1993 Mazda RX-7

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1993 Mazda RX-7
Available in 1 styles:  RX-7 2dr Coupe shown
Asking Price Range
$7,559–$36,903
Estimated MPG

17 city / 25 hwy

Expert Reviews

    Expert Reviews 2 of 4

By 

Orlando Sentinel

The last time I drove a Mazda RX-7, a 1990 convertible, I came away thinking it was the worst car I had ever tested.

I still feel that way about the old RX-7.

Expensive, heavy, slow, loud, poorly designed and with a big appetite for unleaded gasoline, the second-generation RX-7 was a lousy excuse for a sports car.

When news of a redesigned and re-engineered RX-7 filtered out of Mazda last year, it didn't do much to quicken my pulse.

For one thing, the shape of the two previous RX-7s - the 1979 to '85 models and the 1986 to '91 models - stole dramatically from other sports cars, such as Porsche. So, why expect anything fresh, original and dramatic the third time around?

For another, I have never been convinced that a rotary engine is better than a piston engine. There's little power in the lower RPM ranges, and a rotary can be cranky.

So when the new RX-7, released as a 1993 model, landed in the parking lot, it sat for a few days until I finished up with a truck.

Big mistake.

I shouldn't have waited, because I enjoyed every pulse-quickening second behind the wheel.

One week and 500 miles later, I am convinced that Mazda has pulled off an engineering and styling miracle with the new RX-7.

This is a fabulous sports car that addresses every one of the shortcomings of the vehicle it replaces.

The new RX-7 looks like a high-priced exotic, and it attracted crowds wherever I parked.

PERFORMANCE

There probably is no car in the world that will get you to 60 mph as quietly as the new RX-7, which boasts a 255-horsepower twin-turbocharged rotary engine.

No matter how hard you drive it, the engine makes little more than a slight humming noise. Even the exhaust is quiet.

Acceleration is brutally fast. Mazda claims a zero-to-60 mph time of just 4.9 seconds and a top speed of 156 mph. Few cars under $60,000 can match this performance.

The RX-7's two turbochargers don't work conventionally.

On piston-engine cars such as the Dodge Stealth RT or Mitsubishi 3000 GT, both turbochargers are driven by exhaust gases from the same side of the engine and both turbochargers run at the same time.

However, in the RX-7 the turbochargers are sequential, meaning that one runs up to a certain rpm and then the other takes over until the engine reaches its 8,000 rpm limit. The operation is governed by a computer that eliminates turbo lag, a slight hesitation upon fast acceleration.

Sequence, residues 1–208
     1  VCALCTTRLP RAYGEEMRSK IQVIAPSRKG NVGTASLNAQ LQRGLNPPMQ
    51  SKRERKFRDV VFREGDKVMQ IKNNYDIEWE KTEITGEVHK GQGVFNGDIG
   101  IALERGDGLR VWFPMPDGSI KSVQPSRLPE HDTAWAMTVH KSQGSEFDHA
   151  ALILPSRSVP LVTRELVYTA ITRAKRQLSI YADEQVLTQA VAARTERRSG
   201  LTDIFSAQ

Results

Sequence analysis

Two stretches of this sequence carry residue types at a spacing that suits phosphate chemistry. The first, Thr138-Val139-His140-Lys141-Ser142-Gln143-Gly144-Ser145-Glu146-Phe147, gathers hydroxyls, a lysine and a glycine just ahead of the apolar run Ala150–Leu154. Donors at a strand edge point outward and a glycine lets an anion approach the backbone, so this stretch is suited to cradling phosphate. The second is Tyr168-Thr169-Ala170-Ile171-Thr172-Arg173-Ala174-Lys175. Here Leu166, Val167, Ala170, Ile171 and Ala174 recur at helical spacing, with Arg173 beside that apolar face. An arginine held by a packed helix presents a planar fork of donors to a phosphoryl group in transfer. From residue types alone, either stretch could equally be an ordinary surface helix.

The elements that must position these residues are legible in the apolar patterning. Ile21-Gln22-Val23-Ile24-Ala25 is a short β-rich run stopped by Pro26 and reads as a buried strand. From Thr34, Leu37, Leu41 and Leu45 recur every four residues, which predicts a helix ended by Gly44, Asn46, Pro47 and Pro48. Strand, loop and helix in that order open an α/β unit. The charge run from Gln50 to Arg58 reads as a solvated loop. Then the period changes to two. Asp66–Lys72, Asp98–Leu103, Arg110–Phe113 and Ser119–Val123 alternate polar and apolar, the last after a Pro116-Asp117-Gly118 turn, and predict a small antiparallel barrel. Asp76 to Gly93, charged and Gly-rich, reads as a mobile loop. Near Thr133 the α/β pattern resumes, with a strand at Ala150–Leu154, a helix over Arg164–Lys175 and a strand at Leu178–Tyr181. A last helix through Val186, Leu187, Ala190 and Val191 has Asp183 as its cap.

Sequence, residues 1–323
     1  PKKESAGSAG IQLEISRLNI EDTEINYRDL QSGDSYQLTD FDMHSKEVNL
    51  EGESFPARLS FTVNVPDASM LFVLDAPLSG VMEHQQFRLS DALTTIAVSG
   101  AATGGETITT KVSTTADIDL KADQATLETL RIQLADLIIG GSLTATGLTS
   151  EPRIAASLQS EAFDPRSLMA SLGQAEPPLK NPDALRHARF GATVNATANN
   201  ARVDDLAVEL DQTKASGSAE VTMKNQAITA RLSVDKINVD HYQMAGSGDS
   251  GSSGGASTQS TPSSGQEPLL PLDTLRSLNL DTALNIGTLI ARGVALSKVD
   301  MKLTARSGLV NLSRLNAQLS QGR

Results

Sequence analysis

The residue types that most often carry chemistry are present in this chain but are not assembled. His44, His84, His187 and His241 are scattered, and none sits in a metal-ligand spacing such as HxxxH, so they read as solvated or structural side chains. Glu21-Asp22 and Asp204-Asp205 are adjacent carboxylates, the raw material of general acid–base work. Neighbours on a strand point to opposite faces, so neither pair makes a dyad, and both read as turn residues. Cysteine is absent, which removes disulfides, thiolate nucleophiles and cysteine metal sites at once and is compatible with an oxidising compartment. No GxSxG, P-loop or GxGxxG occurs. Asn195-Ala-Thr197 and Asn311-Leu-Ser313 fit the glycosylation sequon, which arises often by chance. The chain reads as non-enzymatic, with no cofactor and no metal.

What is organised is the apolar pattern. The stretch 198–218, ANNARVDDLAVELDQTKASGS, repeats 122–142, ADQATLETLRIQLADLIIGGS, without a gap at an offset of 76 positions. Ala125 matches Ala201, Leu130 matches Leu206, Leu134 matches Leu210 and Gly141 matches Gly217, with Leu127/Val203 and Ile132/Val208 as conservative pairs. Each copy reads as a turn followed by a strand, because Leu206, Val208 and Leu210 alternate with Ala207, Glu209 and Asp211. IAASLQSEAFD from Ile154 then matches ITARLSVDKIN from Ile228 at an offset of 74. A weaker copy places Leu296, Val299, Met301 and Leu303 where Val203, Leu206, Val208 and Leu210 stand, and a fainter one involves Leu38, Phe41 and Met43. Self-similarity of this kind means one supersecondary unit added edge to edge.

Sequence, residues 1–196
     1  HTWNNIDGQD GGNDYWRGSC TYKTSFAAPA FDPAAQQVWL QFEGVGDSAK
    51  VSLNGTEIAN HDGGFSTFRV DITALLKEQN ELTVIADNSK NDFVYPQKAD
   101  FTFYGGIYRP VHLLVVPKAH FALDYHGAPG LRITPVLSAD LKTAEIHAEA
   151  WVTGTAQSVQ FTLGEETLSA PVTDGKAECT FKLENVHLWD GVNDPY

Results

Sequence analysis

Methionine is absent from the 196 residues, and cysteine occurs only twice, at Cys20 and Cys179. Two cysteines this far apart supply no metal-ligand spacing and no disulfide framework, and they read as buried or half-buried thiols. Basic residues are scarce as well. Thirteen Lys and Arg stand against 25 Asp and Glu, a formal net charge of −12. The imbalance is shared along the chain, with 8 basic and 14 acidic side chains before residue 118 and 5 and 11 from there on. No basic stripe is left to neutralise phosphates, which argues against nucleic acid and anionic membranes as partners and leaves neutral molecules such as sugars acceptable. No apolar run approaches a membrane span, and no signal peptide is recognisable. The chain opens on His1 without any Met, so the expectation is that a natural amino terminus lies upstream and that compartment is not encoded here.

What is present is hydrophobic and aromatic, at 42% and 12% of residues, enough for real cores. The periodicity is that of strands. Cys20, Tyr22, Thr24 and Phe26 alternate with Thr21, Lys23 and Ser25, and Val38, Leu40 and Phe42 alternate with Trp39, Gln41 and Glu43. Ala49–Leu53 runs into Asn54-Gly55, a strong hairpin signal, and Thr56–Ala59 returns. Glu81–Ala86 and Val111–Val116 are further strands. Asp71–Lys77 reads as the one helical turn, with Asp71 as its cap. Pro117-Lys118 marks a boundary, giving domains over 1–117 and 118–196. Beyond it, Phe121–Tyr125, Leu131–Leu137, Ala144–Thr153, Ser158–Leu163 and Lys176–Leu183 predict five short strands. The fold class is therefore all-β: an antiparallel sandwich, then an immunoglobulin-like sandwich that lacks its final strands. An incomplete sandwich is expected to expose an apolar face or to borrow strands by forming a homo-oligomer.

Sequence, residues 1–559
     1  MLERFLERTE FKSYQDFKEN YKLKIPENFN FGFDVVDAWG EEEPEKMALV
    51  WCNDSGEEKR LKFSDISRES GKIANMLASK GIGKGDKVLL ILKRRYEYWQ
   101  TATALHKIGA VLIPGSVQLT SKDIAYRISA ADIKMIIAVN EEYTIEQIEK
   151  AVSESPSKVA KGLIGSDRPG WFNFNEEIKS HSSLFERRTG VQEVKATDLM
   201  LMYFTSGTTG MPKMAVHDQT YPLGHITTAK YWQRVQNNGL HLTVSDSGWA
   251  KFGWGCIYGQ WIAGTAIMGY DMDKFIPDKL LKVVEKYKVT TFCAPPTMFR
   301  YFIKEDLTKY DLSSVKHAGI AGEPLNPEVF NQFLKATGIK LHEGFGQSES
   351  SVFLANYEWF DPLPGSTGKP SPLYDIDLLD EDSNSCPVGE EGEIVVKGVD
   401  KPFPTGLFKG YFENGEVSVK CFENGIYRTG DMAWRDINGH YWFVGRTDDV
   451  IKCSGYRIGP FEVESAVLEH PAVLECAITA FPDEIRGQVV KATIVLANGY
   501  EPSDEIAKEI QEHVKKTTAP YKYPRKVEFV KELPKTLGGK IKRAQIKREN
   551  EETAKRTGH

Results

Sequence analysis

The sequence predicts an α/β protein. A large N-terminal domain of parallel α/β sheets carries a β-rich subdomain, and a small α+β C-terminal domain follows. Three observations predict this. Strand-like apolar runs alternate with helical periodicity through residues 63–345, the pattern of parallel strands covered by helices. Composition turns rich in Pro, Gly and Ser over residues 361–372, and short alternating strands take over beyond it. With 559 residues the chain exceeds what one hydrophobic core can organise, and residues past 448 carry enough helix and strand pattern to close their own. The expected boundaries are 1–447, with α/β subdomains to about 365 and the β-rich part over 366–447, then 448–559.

The test car came with a five-speed manual transmission. A four-speed automatic is optional.

HANDLING

The new RX-7 weighs in at 2,789 pounds, 202pounds lighter than last year's turbocharged model.

Mazda engineers achieved a 50/50 weight distribution, meaning that half the car's weight is on the front wheels and half is on the rear. That helps make the RX-7 a sports car that you can push hard through corners.

The suspension system is firm, but because the Mazda i s very stiff and the leather seats so snug and comfortable, the RX-7 is a breeze to drive over rough pavement.

All RX-7s come with anti-lock four-wheel ventilated disc brakes that are more than able to cope with the car's performance potential. Repeated fast stops proved them to be fade-free, meaning that when the brakes get hot, they don't lose efficiency.

The power-assisted rack and pinion steering is engine-speed-sensitive, so it takes more effort to turn the wheel at higher rpm's.

FIT AND FINISH

There's no question about it: Mazda hit a home run with the RX-7's aggressive European-influenced styling, and the latest version doesn't steal a thing from anyone else's sports car.

The big curved rear window allows for unobstructed rear vision, a definite improvement over the old car.

Inside, it's a tight fit. Those taller than 6 feet might find it difficult to get comfortable, with head, foot and leg room extremely tight.

The test car feat red red leather bucket seats that were quite firm, but supportive and comfortable on a long trip.

I found a few things about the new RX-7 a bit odd.

The inside door panels do not match - that is, the driver's side differs in styling and color from the passenger's side. The test car came with a Bose Acoustic Wave Machine that looked like a goofy prop from Lost in Space.

With black tubes snaking though the hatch area and swallowing much of the storage room, I wonder why Mazda chose this sound system. It didn't sound much different from a regular stereo.

These are just quibbles, though. Overall, the new RX-7 will enhance Mazda's reputation for building great sports cars.


    Expert Reviews 2 of 4

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